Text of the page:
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    17 Comments

    1. Max

       /  March 18, 2011

      I had barely begun to skim this when I noticed the similarity to a book list I saw many years ago, Human Events’ list of the Most Harmful Books of the 19th and 20th Century: http://www.humanevents.com/article.php?id=7591
      The overlap isn’t anywhere near 100%, but it’s still high enough to be worth mentioning, especially when you consider their ‘Honorable Mentions.’
      And a review of the Honorable Mentions give me a recommendation for an addition to your list: Unsafe At Any Speed, by Ralph Nader, which, as I understand it, was very important in motivating Consumer Protection groups in the 1960s and 70s.

      • Nice! Dewey and Margaret Mead would be good additions, and some others are certainly worth considering.

    2. JL

       /  March 18, 2011

      Wow, this is such an awful list that I’m unsubscribing your blog. Freud, Foucault, Said? Ugh.

    3. CharlieMcMenamin

       /  March 18, 2011

      The lack of history books in your list is a bit sad – well, unless one makes a case for the Weber as being history, which I don’t think it is, quite. No EP Thompson, no Annales, no Hobsbawm ? That’s not a 20th Century I recognise.

      (Or maybe what you call ‘Great Books’ has a specifically North American connotation that I’m not quite catching sitting here in Sarf Luhdun)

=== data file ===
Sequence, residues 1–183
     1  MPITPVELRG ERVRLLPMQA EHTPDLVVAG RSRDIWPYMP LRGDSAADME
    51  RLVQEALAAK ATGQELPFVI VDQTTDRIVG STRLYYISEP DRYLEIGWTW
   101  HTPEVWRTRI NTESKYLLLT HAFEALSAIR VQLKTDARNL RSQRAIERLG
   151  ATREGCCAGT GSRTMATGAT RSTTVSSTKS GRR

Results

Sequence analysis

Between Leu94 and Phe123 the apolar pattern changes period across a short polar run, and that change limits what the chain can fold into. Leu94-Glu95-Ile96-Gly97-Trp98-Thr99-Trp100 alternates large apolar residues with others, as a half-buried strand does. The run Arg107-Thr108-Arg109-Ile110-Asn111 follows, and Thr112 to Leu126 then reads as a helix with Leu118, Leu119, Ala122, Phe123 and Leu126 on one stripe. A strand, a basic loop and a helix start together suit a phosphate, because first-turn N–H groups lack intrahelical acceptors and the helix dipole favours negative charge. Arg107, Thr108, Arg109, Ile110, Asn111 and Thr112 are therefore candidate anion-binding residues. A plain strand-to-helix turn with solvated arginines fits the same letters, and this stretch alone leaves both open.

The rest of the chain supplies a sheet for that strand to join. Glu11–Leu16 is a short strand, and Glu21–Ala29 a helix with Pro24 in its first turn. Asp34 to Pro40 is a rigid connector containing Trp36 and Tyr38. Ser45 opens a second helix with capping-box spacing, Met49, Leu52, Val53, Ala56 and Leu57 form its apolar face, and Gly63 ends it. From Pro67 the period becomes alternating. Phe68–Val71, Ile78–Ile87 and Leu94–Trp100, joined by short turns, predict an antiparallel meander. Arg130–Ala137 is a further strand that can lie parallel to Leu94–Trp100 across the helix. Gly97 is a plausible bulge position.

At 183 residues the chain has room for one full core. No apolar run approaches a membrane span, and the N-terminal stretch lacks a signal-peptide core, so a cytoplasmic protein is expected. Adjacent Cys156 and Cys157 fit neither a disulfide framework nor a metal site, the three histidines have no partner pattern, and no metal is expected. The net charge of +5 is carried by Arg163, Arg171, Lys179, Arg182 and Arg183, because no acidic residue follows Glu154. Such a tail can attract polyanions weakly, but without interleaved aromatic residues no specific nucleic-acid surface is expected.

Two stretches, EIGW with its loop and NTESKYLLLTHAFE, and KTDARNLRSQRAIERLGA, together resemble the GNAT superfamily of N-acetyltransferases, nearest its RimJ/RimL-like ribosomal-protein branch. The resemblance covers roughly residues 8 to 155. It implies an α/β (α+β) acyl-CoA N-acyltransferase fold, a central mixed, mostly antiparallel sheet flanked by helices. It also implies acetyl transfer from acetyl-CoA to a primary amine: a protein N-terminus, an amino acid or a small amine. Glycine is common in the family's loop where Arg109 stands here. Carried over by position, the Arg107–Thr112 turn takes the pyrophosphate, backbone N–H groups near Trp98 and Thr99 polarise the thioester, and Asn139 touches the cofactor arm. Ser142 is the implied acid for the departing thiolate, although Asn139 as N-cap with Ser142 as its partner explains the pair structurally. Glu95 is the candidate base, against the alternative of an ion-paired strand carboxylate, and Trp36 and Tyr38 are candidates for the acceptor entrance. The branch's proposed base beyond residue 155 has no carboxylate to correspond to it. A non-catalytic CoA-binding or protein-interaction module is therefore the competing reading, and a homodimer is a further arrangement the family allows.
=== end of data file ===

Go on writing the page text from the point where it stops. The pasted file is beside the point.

• It may be a cultural translation issue… I thought about E.P. Thompson, for example, but I’ve never seen him discussed outside academic history or sociology (that may have more to do with the sorts of things I read than his lack of influence!). So, I was going for texts that had been academic impact but were also cultural touchstones of the sort that come up in the occasional New Yorker or Time article, or that get referenced by academics in very different fields (e.g. the lingering influence of Freud in lots of places well outside of psychology). Were Thompson or Hobsbawm widely read when new? I know very little about their reception.

    4. CharlieMcMenamin

       /  March 18, 2011

      EP Thompson was very,very widely read in Britain: at one point ‘The Making of the English Working Class’ was a mainstay of the A Level history syllabus(A Levels are the exams we take at 18 to qualify for university. Furthermore, he became something of a public figure, at least on the left, in the 1980s through his role in European Nuclear Disarmament (END.

      Hobsbawm is simply a ‘national treasure’ and is treated as such in the media read by the chattering classes. Admittedly, that’s not too difficult a thing to be when one is in one’s nineties – but the interesting thing is that he still inspires hatred from people who dislike the fact the stayed in the CP to the bitter end (albeit in a very mild, Eurocommunist way: he describes himself as having been a ‘spiritual member’ of the PCI). I think the continued hatred is a sign of his importance and also reflects how widely read he was (he too was on the A level curriculum in the 1970s:I recall slogging through ‘Industry and Empire’ as a teenager).

      But all this may be just me being parochial – all countries will have their culturally specific ‘Great Books’. And yet, and yet…. the Annales school of French historians must surely have affected North America in some way? I still think your list feels a bit North American.

      P.S. Despite – or perhaps because of – its popularity, is there not a case for Jared Diamond’s ‘Guns, Germs and Steel’?